A new microbiome study published in Nature called Strains, functions and dynamics in the expanded Human Microbiome Project enhances a study started in 2012. This second wave of data comprises 1,631 new metagenomes (2,355 total) across various body sites at different time points in 265 individuals.
Microbiome characterisation and differentiation between ‘healthy’ and ‘disease’ microbiome footprints will not only enable development of diagnostic methods, but also help in the identification of new therapies and therapeutic biomarkers.
A great advance, this publication provides significant amounts of new data and fresh insights into the changes in our microbiome over time, and will hopefully become a huge data resource for future research.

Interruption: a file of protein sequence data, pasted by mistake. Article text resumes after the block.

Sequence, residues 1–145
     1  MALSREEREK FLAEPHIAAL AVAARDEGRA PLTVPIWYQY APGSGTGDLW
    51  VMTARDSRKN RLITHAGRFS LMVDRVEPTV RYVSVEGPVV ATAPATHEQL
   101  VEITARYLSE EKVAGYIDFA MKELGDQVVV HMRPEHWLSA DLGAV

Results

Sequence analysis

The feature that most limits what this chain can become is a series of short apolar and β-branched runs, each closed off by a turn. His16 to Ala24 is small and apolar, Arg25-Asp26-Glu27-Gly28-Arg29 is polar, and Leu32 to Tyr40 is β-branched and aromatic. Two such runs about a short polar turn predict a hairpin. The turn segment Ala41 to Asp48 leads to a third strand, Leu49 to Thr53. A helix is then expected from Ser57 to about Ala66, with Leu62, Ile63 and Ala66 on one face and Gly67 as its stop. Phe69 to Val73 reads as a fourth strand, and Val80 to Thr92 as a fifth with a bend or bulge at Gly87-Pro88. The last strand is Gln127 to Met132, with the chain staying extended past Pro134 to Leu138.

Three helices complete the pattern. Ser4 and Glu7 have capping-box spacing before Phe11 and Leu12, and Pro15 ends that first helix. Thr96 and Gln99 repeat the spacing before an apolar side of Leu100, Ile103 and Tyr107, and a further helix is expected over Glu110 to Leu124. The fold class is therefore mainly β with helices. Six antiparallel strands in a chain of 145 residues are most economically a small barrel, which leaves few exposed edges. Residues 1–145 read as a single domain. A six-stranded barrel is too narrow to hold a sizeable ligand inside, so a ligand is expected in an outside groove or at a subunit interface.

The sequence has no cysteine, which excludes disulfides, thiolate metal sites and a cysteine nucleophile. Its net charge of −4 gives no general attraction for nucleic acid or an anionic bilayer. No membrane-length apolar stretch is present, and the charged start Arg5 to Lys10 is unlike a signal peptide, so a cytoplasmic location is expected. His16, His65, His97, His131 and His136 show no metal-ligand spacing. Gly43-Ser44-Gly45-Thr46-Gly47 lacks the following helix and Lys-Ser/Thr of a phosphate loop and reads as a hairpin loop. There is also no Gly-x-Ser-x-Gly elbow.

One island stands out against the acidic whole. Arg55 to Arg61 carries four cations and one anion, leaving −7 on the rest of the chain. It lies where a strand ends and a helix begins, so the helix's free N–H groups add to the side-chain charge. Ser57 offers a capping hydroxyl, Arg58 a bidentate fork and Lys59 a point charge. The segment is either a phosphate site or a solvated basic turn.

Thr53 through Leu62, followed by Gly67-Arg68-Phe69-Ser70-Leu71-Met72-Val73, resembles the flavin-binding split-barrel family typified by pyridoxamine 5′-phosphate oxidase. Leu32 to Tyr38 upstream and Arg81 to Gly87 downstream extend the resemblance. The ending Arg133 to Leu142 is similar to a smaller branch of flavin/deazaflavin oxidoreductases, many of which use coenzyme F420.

A new study of the human microbiome -- the trillions of microbial organisms that live on and within our bodies -- has uncovered millions of previously unknown genes from microbial communities in the human gut, skin, mouth, and vaginal microbiome, allowing for new insights into the role these microbes play in human health and disease.